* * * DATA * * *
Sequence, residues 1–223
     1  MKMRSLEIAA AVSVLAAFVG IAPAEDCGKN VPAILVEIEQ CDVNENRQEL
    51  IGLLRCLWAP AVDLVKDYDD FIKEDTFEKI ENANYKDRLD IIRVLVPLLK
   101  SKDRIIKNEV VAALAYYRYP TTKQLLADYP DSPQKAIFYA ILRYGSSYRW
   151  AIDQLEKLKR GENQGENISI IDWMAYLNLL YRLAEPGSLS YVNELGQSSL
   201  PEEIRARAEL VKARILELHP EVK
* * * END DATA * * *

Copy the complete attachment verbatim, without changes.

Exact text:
Sequence, residues 1–223
     1  MKMRSLEIAA AVSVLAAFVG IAPAEDCGKN VPAILVEIEQ CDVNENRQEL
    51  IGLLRCLWAP AVDLVKDYDD FIKEDTFEKI ENANYKDRLD IIRVLVPLLK
   101  SKDRIIKNEV VAALAYYRYP TTKQLLADYP DSPQKAIFYA ILRYGSSYRW
   151  AIDQLEKLKR GENQGENISI IDWMAYLNLL YRLAEPGSLS YVNELGQSSL
   201  PEEIRARAEL VKARILELHP EVK